More Chinese expressions involving the hand

If you haven’t already found out, hand shadows are called 手影 (shǒu yǐng) in Chinese.
(yǐng) is a shadow, a reflection or an image. Nowadays, it is used in such words as 摄影 (shèyǐng photography) and 电影 (diànyǐng movies).

This may be a good time to take inventory of how many words, expressions or idioms you already know that contain the (shǒu) character. Here are a few more to add to your collection.

手背 (shǒubèi) is the back of the hand, while 手掌 (shǒuzhǎng) is the palm. The center of the palm is called 手心 (shǒuxīn) or 掌心 (zhǎngxīn).

We already know that 拍手 (pāishǒu) means to clap one’s hands. 鼓掌 (gǔzhǎng) has the same meaning but is a more formal word.

手下留情 (shǒuxiàliúqíng) means to show mercy or be lenient. In times past, when a Chinese house slave was about to be whipped, he might use this phrase to plead for mercy. Nowadays, this expression is used figuratively.

The expression 手下 (shǒuxià) also means under the leadership of someone.

他手下有三位能干的经理.
Tā shǒuxià yǒu sān wèi nénggàn de jīnglǐ.
He has under him three capable managers.

经理 (jīnglǐ) are managers, while 助手 (zhùshǒu) are assistants.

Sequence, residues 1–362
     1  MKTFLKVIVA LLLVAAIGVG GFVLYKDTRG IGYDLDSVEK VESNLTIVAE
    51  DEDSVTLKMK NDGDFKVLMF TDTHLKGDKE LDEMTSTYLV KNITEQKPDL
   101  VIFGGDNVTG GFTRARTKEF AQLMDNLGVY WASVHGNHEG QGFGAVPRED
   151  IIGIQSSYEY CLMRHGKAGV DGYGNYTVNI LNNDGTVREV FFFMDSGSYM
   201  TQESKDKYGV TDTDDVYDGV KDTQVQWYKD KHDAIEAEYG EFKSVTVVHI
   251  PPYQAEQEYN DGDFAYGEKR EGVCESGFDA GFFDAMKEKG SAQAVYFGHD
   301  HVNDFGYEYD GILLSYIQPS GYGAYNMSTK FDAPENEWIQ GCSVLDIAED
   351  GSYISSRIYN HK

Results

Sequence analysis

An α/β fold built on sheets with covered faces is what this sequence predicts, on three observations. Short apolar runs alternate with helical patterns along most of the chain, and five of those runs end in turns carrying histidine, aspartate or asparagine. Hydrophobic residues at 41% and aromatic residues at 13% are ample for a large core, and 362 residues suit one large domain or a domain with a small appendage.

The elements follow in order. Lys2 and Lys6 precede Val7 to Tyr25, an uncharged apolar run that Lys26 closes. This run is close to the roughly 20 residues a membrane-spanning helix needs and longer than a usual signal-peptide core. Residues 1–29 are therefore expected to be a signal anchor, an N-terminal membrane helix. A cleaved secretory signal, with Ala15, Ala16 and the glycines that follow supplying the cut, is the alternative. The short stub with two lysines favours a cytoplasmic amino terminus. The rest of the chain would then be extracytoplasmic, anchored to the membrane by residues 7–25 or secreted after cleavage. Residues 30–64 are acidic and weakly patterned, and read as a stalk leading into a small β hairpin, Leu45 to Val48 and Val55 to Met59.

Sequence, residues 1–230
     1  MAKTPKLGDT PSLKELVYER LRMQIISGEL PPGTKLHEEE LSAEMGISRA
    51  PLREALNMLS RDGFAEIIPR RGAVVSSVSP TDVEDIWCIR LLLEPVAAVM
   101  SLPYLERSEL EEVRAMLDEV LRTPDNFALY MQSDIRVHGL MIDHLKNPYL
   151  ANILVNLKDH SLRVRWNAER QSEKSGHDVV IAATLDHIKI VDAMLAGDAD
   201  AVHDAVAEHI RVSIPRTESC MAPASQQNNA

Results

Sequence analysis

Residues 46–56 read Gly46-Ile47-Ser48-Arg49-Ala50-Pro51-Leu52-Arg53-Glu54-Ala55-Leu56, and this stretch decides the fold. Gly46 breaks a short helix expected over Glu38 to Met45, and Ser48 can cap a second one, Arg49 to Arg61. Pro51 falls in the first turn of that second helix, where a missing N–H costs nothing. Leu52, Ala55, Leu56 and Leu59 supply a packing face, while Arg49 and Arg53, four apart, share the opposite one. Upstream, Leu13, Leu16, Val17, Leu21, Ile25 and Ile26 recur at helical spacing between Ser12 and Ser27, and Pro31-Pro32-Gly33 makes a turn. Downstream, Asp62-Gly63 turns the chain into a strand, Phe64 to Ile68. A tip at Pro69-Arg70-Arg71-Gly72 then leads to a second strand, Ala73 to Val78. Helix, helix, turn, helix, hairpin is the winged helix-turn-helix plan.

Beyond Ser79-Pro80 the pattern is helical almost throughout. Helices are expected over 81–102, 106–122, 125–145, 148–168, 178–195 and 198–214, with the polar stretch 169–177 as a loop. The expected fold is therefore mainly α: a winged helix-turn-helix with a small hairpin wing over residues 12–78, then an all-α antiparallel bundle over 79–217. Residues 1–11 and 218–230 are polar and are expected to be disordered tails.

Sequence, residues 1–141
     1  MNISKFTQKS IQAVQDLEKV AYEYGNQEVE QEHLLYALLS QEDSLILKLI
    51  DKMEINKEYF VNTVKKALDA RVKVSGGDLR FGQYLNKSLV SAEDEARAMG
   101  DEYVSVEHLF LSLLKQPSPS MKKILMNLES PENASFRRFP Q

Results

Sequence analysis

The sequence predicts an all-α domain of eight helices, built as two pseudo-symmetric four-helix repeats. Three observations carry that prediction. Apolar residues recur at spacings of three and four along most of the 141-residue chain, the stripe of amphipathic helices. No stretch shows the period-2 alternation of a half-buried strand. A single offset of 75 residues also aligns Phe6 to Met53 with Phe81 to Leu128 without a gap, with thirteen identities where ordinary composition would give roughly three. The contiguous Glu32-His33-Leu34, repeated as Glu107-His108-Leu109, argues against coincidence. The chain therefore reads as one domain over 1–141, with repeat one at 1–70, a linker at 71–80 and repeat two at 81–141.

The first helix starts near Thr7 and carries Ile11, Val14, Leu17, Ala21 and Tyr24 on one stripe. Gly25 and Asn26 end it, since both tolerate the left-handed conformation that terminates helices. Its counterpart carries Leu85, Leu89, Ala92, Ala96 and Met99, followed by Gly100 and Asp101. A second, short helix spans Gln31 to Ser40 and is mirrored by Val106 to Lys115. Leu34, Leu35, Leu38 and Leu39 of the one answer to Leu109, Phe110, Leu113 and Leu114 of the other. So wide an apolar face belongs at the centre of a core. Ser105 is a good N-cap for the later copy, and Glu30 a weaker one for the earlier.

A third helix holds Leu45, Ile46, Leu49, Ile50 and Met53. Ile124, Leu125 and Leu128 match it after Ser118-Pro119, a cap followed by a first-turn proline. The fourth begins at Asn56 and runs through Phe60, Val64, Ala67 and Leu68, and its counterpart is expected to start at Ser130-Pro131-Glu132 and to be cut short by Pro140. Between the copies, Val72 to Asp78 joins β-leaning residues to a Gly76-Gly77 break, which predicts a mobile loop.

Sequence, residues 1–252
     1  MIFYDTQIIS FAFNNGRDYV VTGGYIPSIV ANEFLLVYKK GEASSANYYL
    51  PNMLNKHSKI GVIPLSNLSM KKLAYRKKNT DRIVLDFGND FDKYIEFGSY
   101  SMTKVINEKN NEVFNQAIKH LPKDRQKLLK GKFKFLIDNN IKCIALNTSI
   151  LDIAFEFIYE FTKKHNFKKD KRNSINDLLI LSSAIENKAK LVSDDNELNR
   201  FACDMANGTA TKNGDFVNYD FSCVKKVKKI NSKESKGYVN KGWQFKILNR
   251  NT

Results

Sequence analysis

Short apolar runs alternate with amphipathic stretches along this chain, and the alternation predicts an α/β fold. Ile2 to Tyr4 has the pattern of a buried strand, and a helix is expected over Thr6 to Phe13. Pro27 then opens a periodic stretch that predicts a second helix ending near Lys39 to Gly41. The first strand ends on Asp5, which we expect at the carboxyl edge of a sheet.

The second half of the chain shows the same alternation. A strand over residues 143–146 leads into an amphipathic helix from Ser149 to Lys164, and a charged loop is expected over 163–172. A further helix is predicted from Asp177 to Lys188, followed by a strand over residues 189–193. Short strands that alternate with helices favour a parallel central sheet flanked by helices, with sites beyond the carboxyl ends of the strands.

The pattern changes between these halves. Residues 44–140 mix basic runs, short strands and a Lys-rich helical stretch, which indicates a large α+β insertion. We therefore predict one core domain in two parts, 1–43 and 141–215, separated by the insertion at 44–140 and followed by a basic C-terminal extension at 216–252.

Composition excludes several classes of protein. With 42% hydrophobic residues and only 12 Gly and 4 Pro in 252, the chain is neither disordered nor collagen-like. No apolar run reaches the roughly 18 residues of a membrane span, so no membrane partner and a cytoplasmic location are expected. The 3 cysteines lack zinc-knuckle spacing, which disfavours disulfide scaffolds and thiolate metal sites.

歌手 (gēshǒu) are singers. They probably prefer to be referred to as 歌星 (gē xīng music stars, pop stars).

高手 (gāoshǒu) is an expert or champion. Therefore, 武林高手 (wǔ lín gāoshǒu) is a kung-fu master. 数学高手 (shùxué gāoshǒu) is someone who is great at mathematics. You can easily form other terms by inserting the subject of your choice.

手机 (shǒujī) are mobile phones, 手表 (shǒubiǎo) are wrist watches, and 手电筒 (shǒudiàntǒng) are flashlights.

手枪 (shǒuqiāng) are pistols, while 枪手 (qiāngshǒu) are gunners.

We have learned before that 运气 (yùnqi) means one’s fortune or luck. Well, 手气 (shǒuqì) is one’s luck in a game of cards or gambling.

他今天手气不好.
Tā jīntiān shǒuqì bùhǎo.
He has poor hands today.

亲手 (qīnshǒu) means making something personally.

这件裙子是我母亲亲手做给我的.
Zhè jiàn qúnzi shì wǒ mǔqin qīnshǒu zuò gěi wǒ de.
My mother made this skirt for me herself.

The Chinese don’t stick their noses in other people’s business. Nay. They go in with their hands. 插手 (chāshǒu) means to have a hand in someone else’s business.

这件事你最好不要插手.
Zhè jiàn shì nǐ zuìhào bùyào chāshǒu.
It would be best if you don’t get involved with this matter.

(huò) means merchandise or goods. What would 二手货 (èrshǒuhuò) mean?

English-Chinese Homophones (3)

母牛 (mǔniú) Cow


Here are a few more English words that sound like Chinese words. These and the examples that I mentioned previously are not exhaustive by any means. You will discover many more on your own as you enlarge your Chinese vocabulary. As for the Chinese homophones, trust me, there are tons more. This is one of the reasons why the modern Chinese language is replete with polysyllable words. Combining a character with one or more other characters greatly reduces the ambiguity created by the homonyms of the individual characters.

Me (mì secret) (mì tight, dense, secret) (mì honey, sweet)

他是我的秘书.
Tā shì wǒ de mìshū
He is my secretary.